Treating the winter blues

The air is colder and the sun is setting at an earlier time. Winter is here. There is lots of holiday cheer, but for some people it's not so cheerful.

Posted: Dec. 6, 2017 5:50 PM
Updated: Dec. 6, 2017 7:10 PM

TERRE HAUTE, Ind. (WTHI)- The air is colder and the sun is setting at an earlier time. Winter is here. There is lots of holiday cheer, but for some people it's not so cheerful. 

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It's the winter blues. 

Jeri Taylor is a professor at Ivy Tech. For nearly 20 yearsm she has suffered with Seasonal Affective Disorder (SAD).

"It can be life changing," Taylor said. "I just felt depressed."

SAD is a type of depression that's related to changes in the season. 

Tom Johnson, a professor of psychology at Indiana State University, says its a disorder that develops over the last 30 years.

"It {SAD} has to happen exclusively in the winter," Johnson said. 

Johnson says for most people the symptoms start in the fall and continue into the winter months.

Taylor knows this feeling.

"I felt like I couldn't get up," Taylor said.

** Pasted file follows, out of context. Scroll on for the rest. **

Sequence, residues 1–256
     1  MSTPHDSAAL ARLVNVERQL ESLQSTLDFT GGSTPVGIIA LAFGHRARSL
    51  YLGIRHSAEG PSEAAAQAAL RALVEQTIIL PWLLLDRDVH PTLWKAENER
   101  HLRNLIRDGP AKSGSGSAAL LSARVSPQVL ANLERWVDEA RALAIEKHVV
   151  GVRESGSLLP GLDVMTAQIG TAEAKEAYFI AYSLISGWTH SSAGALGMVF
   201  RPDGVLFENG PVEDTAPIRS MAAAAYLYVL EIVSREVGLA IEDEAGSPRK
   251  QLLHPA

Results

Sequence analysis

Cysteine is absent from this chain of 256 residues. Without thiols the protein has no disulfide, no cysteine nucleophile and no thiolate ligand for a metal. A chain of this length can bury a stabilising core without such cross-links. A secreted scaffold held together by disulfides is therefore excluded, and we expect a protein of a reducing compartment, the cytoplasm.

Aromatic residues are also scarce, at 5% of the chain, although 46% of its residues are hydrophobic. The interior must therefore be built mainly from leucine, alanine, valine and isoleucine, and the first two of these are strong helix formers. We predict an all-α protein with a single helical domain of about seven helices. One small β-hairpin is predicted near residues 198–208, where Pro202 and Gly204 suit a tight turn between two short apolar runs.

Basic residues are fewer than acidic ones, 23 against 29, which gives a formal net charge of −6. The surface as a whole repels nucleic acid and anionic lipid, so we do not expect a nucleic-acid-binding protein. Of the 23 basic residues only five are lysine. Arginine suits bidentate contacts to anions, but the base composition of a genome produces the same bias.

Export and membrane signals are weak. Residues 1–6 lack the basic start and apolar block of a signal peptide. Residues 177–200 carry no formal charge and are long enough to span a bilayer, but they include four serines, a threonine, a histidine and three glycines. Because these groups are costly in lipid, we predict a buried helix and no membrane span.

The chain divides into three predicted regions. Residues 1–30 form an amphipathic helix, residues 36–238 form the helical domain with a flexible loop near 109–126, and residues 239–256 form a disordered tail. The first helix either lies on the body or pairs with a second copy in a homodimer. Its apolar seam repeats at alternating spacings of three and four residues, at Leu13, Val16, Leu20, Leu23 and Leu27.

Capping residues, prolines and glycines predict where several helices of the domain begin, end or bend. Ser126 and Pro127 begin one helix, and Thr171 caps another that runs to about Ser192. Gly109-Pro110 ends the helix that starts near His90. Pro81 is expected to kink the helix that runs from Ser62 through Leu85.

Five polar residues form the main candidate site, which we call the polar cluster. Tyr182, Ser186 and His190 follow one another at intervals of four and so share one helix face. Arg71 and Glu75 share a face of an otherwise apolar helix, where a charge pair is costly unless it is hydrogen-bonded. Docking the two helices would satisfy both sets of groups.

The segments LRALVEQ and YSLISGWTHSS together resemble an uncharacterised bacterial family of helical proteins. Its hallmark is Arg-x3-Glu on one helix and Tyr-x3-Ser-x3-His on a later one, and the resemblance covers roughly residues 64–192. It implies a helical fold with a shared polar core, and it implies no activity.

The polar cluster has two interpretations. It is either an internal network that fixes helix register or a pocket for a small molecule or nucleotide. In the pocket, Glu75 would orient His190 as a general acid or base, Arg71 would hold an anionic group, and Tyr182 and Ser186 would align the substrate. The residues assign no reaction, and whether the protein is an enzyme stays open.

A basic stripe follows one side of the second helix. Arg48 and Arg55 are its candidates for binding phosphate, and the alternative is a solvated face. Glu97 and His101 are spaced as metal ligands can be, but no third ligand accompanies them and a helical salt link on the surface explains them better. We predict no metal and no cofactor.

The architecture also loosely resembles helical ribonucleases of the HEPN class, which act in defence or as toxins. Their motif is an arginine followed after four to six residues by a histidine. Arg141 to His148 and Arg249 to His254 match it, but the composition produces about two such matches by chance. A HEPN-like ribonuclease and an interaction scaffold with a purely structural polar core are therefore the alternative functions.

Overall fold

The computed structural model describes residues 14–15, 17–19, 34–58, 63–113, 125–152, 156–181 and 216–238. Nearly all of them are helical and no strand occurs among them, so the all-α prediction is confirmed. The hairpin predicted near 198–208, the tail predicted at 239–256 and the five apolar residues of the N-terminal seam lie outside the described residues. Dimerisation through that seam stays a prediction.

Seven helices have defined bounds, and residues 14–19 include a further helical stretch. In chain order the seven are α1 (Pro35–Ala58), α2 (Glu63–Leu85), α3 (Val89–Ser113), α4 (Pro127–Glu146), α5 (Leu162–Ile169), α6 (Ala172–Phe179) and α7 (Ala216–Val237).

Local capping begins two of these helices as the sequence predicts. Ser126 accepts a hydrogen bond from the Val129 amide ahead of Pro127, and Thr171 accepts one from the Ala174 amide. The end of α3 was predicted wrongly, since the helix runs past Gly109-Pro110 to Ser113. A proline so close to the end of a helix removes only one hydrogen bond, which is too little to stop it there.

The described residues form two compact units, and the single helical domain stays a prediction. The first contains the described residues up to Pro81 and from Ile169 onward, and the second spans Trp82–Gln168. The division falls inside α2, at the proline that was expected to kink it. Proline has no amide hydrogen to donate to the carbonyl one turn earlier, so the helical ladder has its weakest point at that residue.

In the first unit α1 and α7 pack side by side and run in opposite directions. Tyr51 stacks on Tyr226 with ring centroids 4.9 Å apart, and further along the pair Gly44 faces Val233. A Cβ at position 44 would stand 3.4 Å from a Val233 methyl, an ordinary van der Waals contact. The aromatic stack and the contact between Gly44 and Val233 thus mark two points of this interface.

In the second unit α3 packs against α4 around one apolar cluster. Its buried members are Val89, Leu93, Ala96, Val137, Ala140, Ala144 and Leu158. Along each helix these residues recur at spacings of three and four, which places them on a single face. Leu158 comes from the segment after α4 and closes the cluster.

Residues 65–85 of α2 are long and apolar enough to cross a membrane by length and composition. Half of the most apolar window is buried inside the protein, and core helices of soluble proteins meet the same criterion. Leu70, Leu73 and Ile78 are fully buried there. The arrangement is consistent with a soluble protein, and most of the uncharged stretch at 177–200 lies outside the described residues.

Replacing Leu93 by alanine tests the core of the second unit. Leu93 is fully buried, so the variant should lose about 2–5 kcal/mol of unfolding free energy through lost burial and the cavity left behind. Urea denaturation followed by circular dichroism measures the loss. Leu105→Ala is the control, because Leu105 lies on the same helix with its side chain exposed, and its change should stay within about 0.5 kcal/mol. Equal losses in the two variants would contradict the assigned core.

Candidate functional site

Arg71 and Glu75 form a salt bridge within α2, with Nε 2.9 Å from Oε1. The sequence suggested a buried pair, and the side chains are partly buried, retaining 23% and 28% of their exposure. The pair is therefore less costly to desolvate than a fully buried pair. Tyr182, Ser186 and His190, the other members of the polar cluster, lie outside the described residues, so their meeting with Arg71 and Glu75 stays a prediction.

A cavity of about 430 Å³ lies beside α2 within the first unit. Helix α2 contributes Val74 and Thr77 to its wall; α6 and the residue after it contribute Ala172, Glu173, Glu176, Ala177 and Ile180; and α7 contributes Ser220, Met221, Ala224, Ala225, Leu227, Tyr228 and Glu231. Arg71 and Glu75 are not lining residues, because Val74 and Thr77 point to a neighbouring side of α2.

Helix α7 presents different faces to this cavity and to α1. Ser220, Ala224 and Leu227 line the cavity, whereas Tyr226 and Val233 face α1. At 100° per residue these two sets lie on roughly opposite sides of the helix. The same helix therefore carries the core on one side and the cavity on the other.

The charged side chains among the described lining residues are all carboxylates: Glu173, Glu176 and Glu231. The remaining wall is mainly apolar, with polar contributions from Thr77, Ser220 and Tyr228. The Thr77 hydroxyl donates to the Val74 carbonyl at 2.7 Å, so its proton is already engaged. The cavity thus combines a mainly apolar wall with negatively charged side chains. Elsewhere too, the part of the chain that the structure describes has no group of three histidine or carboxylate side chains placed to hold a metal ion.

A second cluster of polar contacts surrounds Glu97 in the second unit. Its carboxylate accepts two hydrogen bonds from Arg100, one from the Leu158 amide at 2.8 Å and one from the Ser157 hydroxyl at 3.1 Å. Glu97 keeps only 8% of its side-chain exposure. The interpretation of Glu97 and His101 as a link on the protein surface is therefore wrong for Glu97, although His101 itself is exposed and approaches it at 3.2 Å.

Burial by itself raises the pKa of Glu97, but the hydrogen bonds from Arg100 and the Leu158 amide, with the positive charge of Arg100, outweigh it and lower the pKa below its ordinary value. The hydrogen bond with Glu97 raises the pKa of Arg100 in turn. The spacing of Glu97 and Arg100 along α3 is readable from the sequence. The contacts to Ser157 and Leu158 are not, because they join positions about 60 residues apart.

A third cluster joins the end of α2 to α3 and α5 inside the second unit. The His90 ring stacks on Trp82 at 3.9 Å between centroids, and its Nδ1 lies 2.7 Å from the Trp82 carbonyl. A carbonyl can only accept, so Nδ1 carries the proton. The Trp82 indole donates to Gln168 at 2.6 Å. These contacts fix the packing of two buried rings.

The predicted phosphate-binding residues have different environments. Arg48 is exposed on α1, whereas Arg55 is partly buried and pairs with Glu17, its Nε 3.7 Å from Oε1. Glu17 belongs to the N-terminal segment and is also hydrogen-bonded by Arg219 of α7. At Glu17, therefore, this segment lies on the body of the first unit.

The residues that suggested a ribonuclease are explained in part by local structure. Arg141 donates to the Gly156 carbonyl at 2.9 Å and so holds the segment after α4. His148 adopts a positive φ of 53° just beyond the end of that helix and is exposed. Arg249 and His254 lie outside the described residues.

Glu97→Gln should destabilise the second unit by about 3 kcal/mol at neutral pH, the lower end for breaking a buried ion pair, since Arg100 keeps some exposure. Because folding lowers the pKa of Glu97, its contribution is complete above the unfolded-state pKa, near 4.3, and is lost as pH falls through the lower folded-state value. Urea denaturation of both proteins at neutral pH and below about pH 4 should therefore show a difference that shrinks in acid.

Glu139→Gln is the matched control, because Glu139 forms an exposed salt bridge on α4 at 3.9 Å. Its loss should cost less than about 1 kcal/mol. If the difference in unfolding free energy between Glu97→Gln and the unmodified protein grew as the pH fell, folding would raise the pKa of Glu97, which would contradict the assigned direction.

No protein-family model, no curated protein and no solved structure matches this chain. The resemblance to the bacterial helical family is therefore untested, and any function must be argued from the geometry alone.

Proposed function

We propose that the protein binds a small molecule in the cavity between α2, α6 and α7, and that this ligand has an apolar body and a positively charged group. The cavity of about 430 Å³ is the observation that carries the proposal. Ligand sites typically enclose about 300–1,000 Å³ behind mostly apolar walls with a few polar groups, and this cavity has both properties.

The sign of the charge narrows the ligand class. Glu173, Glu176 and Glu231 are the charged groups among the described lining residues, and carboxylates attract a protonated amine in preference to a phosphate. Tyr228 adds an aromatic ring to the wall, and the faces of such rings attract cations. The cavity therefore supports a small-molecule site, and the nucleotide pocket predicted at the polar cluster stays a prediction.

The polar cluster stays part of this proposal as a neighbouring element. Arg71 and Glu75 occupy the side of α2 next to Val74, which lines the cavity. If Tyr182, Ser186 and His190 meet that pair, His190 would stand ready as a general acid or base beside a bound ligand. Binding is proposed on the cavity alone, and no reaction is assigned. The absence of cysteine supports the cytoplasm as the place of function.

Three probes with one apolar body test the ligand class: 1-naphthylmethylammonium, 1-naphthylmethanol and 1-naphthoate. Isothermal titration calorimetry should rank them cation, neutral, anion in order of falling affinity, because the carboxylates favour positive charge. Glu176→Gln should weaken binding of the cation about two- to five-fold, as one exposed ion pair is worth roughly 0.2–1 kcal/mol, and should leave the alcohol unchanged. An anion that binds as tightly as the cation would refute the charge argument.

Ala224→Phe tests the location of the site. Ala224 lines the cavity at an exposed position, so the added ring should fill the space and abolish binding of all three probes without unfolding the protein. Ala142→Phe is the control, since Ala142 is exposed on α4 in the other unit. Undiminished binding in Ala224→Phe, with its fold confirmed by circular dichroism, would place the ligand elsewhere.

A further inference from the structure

She says she constantly felt low on energy.

"I've been stuck in the house for several days," Taylor said. 

Johnson says the reasons why people tend to struggle during the holidays are endless. Anything form the weather to losing a loved one can trigger someone to feel in the dumps. 

For Taylor, it's the gloomy weather that is the cause of her depression.

"I need light," Taylor said. "I need sunlight." 

She says in the warmer months she can tell a difference in her mood. 

"I am outside every second of the day," Taylor said. "I don't eat as much and I'm not sleepy."

Taylor can see a difference in her mood.

"I don't eat as much," Taylor said. "I'm not sleepy."

Johnson says the best way to treat the seasonal blues is to seek help. 

"See a physican, see a counselor, or see a therapist," Johnson said. 

He also wants to point out there is a difference between the seasonal blues and actual depression. He says this can be determined by the two week rule. If your symptosms last longer than two weeks, it may be something more serious.

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